From the 1920s through the 1960s, Wharton Esherick created a small compound of sculptural buildings on Valley Forge Mountain. The centerpiece of this hillside campus was Esherick’s studio-residence. The building endures as an artifact of Esherick’s artful work, witnessing the care and imagination that he invested in everything he made. In this way, the Studio presents visitors with a declaration: if work is artful, it can be a home.
Fast-forward to today: the Covid-19 pandemic has upended many of the same work conventions that Esherick dispensed with a century ago—rush hour commutes, office space, and dress pants. But a work-from-home regimen as we know it was not Esherick’s plan. As his architecture shows, even in his idyllic respite from the daily grind, he found value in keeping separation between the spaces of home and the spaces of work.
When Esherick began constructing his Studio in 1926, he intended it as a sculptor’s workspace. By 1941, he was living in the building full-time, having expanded the original stone structure with a towering wood addition. For over forty years, Esherick modified, extended, furnished, sculpted, and painted the Studio into a unique, art-filled building that was, itself, an artwork.
The English novelist and poet, Ford Madox Ford, wrote an early account of the Esherick Studio in his book, The Great Trade Route (1937). Having visited Esherick at the Studio in 1934, Ford described the setting in reverential terms:
A dim studio in which blocks of rare woods, carver’s tools, medieval-looking carving gadgets, looms, printing presses, rise up like ghosts in the twilight while the slow fire dies in the brands…. Such a studio built by the craftsman’s own hands out of chunks of rock and great balks of timber, sinking back into the quiet woods on a quiet crag with, below its long windows, quiet fields parceled out by the string-courses of hedges and running to a quietly rising horizon…such a quiet spot is the best place to think in.
Ford’s writing captures the emotional draw that the Studio exerted—then and now—on visitors. But he left out a major detail regarding the creative work that Esherick was doing at the time. The 1930s were an era of extraordinary growth for Esherick’s career in furniture making. Despite the Great Depression, he connected with wealthy patrons who commissioned adventurous, sculptural furniture designs in wood. The place where Esherick was producing the vast majority of his furniture was not the Studio, but rather, the barn-workshop of his neighbor, cabinetmaker John Schmidt.
From the 1920s through the 1950s, Schmidt worked for Esherick on a steady basis. His cabinetmaking skill was critical to Esherick’s ability to realize his furniture, as was his shop space. The two men worked closely on Esherick’s projects in Schmidt’s workshop, using his machinery. When, in the 1950s, this work relationship ended, Esherick decided to move his furniture production to his own property. In 1956, he built a new workshop just steps away from the Studio. In this way, he brought his career as a recognized furniture maker in close proximity to his domestic life for the first time.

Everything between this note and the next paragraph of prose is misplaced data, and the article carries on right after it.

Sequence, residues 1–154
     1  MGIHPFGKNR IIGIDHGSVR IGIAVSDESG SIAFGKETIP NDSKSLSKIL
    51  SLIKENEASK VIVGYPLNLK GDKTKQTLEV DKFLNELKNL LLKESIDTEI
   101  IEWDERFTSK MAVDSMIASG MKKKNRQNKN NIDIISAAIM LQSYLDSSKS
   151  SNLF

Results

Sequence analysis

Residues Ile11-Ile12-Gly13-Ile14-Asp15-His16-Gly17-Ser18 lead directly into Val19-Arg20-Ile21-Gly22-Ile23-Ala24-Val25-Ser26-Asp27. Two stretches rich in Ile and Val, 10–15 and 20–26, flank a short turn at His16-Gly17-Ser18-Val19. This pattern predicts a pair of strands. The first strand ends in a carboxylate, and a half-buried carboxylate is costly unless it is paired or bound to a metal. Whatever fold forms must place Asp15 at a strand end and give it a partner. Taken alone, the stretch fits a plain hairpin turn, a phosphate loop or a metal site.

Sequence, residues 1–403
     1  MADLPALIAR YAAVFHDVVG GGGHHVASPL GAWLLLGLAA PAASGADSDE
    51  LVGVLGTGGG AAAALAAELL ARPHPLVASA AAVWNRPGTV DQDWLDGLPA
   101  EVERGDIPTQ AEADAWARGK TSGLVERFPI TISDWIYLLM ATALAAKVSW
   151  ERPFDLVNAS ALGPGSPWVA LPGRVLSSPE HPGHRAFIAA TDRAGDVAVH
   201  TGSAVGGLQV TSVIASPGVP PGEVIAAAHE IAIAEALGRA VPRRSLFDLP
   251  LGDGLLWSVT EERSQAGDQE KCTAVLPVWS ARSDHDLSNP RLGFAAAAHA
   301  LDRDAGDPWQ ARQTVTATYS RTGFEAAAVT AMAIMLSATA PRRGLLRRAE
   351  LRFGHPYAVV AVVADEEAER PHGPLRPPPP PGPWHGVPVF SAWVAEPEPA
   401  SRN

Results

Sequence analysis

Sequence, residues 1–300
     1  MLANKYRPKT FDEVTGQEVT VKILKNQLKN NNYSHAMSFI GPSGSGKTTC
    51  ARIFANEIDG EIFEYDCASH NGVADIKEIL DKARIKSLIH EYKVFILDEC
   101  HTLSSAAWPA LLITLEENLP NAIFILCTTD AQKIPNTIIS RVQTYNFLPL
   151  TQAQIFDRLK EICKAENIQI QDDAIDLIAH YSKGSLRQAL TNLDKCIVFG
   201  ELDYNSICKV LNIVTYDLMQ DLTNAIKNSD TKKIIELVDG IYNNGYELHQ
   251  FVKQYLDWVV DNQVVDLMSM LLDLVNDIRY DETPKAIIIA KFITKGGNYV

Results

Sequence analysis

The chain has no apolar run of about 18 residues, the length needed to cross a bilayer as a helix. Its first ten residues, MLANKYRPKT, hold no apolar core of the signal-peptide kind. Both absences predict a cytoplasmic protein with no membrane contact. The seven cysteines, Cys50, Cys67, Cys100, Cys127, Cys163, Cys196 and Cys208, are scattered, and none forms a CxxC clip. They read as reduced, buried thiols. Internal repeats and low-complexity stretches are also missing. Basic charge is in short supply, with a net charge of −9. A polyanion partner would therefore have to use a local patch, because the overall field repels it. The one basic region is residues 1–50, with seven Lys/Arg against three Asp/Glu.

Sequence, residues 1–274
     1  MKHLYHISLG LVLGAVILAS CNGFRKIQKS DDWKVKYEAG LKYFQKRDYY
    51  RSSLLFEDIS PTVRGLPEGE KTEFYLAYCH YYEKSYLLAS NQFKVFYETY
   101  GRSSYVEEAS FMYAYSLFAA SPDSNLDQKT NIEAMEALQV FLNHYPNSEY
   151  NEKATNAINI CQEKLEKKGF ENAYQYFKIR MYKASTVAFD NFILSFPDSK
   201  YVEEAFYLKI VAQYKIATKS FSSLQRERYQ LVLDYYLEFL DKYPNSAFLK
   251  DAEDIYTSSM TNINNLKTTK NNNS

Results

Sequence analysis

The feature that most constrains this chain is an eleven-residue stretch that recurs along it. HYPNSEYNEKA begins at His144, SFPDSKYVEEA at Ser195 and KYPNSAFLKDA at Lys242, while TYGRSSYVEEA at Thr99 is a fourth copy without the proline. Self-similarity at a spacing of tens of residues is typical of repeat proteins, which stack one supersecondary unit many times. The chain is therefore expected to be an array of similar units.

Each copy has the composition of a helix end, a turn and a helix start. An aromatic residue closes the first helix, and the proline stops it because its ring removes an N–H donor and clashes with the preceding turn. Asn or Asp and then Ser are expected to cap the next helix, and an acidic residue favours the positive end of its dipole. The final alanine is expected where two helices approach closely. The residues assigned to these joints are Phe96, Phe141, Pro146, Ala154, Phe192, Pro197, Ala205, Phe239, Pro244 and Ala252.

But this is not to say that Esherick was making furniture at his home. With the 1956 Workshop, he effectively walled off his living quarters from his furniture business. The Workshop, a collaboration between Esherick and the architecture office of Louis I. Kahn, is a concrete block and stucco building. Esherick was hands-on with the siting and design. This fact, taken together with his well-known protectiveness of his privacy, suggests that it was no accident that the walls facing the Studio have no windows.
Horace Hartshaw, a contractor who built the Workshop and later returned to work for Esherick building furniture, spoke about his experience in an interview of the 1980s. Hartshaw, along with Bill McIntyre, was one of two regular employees that Esherick had through the 1960s. Hartshaw’s recollections of his time in the Workshop indicate a space that was set apart from Esherick’s home and marked by the mundane details of employment: salary negotiations; coping with the idiosyncrasies of a co-worker (McIntyre’s smoking and swearing); and routines that included opening the shop at eight-o-clock each morning, cleaning up in preparation for the day’s work, and Esherick’s arrival around 8:30.
Hartshaw also related several reasons that he liked working for Esherick: he was never disgruntled, never talked down to anyone, and kept the Workshop orderly:
So many shops have so much junk around—scraps laying around and chips they never clean up. But Wharton kept his shop very neat and kept his wood stored on shelves and different things in bins. And we vacuumed the floor every Friday. It was a pleasant place to work, because of the windows that let the sunlight in there and gave a view.
Archival photographs of Esherick in the Workshop support Hartshaw’s description. Furthermore, the images show that Esherick used the Workshop as a gallery, dedicating large swaths of floorspace to exhibiting his completed sculpture and furniture. This arrangement meant that Esherick could show his work to visitors without inviting them into his private living quarters within the Studio.
In the Studio, Esherick lived amidst his art, surrounded by his sculpture, furniture, prints, paintings, and ceramics. Because the building was itself an inhabitable artwork, it is possible to say without exaggeration that Esherick made his art his home. But his relationship to the business end of his furniture making was another story. The twenty-step walk from the Studio to the Workshop was a short commute, but a commute nonetheless. This physical separation, reinforced by a windowless concrete wall, suggests that Esherick found that work—with all its facets taken into consideration—was uninhabitable.
Written by Director of Interpretation and Research Holly Gore